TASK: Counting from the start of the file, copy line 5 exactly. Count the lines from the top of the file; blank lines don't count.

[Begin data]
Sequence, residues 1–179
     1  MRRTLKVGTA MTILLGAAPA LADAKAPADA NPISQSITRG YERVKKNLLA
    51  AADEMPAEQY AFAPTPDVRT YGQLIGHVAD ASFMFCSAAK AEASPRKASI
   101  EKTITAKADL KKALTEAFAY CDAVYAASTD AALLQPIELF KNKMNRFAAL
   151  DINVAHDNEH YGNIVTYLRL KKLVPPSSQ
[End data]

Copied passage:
   151  DINVAHDNEH YGNIVTYLRL KKLVPPSSQ